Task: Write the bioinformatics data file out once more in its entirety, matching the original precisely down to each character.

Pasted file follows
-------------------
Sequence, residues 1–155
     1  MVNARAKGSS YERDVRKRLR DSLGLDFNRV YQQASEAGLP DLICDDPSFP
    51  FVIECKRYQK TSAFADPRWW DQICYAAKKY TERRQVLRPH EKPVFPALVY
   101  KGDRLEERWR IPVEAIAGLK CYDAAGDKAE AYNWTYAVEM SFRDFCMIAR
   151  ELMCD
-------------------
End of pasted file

Sequence, residues 1–155
     1  MVNARAKGSS YERDVRKRLR DSLGLDFNRV YQQASEAGLP DLICDDPSFP
    51  FVIECKRYQK TSAFADPRWW DQICYAAKKY TERRQVLRPH EKPVFPALVY
   101  KGDRLEERWR IPVEAIAGLK CYDAAGDKAE AYNWTYAVEM SFRDFCMIAR
   151  ELMCD